Likewise, Rosatom, which since Fukushima has continued securing new orders from China, Vietnam, Belarus and Bangladesh, is seeking new technology partners that can help it develop safer, more robust systems without pricing itself out of a market which will soon be competing with Chinese as well as existing South Korean manufacturers. Although Rosatom has a monopoly over Russia’s 11 civilian nuclear power plants and accounts for one-fifth of new reactors under construction worldwide, Sergei Kirienko, Rosatom’s president, admitted last week that there is a risk of world demand for nuclear reactors collapsing after Fukushima, saying competition has been much tougher.

For now, Britain is holding to its ambitious program for 12 new reactors by 2025, needed (the conservative part says) as part of a wholesale restructuring of Britain’s electricity market aimed at helping the country meet tough carbon reduction targets, as well as keep the lights on. However, start dates keep slipping back and although some operators have committed to land purchases for the new sites, no one believes the first plant will be operational by the previously stated date of 2018. Nor are the conservative coalition partners the Liberal Democrats on board with the plans for nuclear power, much preferring to push for wind or renewable power plants in spite of growing evidence they cannot meet base-load requirements.

Not surprisingly, the share price of both nuclear power-generating companies and manufacturers of nuclear power plants has underperformed in an already falling market. The future is unlikely to be quite as dire as some currently fear, but clearly growth is not going to be coming from established nuclear-producing countries such as the US, Europe or Japan. It will come from emerging markets desperate to reduce reliance on coal-fired power generation — and for whom the level of technological sophistication won’t be required to be as high as it is for Europe.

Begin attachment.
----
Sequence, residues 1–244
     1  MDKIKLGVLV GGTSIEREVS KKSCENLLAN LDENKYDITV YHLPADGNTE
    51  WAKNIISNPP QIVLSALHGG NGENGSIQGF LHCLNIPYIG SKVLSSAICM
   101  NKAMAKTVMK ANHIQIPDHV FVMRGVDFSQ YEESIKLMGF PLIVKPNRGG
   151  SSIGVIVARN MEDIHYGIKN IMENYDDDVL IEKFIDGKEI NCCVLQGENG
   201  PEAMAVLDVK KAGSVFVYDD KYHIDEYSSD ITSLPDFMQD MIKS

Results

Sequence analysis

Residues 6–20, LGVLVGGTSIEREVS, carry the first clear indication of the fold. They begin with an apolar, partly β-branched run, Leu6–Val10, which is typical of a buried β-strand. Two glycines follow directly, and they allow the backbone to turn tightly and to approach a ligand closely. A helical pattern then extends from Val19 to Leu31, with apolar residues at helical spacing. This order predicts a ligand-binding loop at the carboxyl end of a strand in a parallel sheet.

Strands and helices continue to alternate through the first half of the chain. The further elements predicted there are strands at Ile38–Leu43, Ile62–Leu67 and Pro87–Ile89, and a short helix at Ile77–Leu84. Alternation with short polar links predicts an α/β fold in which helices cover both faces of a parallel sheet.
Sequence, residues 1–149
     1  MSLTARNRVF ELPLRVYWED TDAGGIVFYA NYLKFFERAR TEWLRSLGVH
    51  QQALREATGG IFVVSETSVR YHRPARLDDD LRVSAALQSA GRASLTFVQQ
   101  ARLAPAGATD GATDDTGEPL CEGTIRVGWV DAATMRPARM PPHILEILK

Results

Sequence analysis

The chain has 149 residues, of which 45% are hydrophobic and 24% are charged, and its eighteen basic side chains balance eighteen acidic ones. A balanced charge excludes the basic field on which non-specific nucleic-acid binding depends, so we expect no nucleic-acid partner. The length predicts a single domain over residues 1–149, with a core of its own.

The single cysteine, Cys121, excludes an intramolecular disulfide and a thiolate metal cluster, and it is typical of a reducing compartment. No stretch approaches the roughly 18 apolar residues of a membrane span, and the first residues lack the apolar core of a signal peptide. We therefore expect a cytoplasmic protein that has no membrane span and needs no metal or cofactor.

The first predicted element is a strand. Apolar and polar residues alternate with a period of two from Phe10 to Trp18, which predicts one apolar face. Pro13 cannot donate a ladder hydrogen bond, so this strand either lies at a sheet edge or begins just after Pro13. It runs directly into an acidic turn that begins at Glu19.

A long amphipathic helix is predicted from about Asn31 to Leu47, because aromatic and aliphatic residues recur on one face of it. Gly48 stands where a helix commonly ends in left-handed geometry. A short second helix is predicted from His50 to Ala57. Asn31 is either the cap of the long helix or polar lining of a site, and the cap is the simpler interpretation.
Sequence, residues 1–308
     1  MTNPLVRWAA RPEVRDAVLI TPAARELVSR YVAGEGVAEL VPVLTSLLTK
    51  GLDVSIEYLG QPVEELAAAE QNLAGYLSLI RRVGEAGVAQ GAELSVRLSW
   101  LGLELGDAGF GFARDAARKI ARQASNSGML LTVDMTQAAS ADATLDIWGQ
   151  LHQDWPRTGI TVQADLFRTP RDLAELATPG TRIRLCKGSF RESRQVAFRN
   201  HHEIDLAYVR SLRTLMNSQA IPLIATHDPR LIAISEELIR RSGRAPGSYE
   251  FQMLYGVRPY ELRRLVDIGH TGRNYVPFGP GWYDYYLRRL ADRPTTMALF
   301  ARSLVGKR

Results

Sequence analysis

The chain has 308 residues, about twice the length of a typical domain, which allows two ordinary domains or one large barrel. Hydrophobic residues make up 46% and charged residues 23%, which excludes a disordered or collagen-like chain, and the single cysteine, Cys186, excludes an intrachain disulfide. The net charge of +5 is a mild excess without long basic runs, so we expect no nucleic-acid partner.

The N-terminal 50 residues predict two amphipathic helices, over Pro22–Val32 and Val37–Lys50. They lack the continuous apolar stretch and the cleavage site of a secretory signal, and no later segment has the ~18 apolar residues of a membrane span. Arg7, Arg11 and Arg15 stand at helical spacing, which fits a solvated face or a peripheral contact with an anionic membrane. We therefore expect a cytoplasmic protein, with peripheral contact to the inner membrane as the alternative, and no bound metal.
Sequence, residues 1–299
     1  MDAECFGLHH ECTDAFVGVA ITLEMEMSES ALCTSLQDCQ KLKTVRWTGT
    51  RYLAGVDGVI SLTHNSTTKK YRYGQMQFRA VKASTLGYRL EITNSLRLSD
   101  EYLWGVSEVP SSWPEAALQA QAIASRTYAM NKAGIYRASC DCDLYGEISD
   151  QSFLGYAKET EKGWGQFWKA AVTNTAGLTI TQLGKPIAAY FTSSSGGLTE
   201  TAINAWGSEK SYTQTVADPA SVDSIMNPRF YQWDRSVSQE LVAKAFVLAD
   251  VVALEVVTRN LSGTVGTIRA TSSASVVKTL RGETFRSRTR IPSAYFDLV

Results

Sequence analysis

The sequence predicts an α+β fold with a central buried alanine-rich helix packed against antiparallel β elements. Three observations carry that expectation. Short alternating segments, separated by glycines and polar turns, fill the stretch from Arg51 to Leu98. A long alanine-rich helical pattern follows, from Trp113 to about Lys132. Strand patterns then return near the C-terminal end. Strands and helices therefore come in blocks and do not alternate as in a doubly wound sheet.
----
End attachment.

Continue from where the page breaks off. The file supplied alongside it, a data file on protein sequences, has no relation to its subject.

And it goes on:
–Stuart Burns

Few sunny days ahead for US solar manufacturing industry. Source: solarenergyfact.org

You may believe it was inevitable. Sooner or later, production of what is essentially a commodity item like photovoltaic solar panels would prove uncompetitive in Western markets as low-cost emerging markets reached critical mass and, in something of a downturn, flooded the market at prices Western producers could not match. Just about everyone commenting on the sector has been predicting the industry will only take off when panel prices drop to a level where electricity generation is economically viable without subsidy.

I should say we are not there yet; solar panels still require subsidy. In parts of Europe, they benefit from feed-in tariffs twice the current cost of power from the grid, guaranteed for 25 years as a government incentive. But panel prices in the US are reported in a NY Times article to have fallen dramatically in recent years. Wholesale prices are currently $1.00-1.20 per watt of capacity today, down from $1.80 in January and $3.30 in 2008.

Most were hoping falls in price would come from technological development and mass production, but in truth much of the fall has come about due to the market becoming awash with Chinese solar panels. From nothing in the middle of the last decade, Beijing has engineered phenomenal growth, both in domestic installed capacity and in exports. Chinese companies now export some 95 percent of the country’s solar panel production and are said to have three-fifths of global production capacity. Good news for consumers looking to take advantage of solar power, good news for the environmental lobby keen to see the uptake of renewable energy, and good news for installers for whom lower panel costs have helped fuel an industry that is growing generating capacity at 70 percent per year.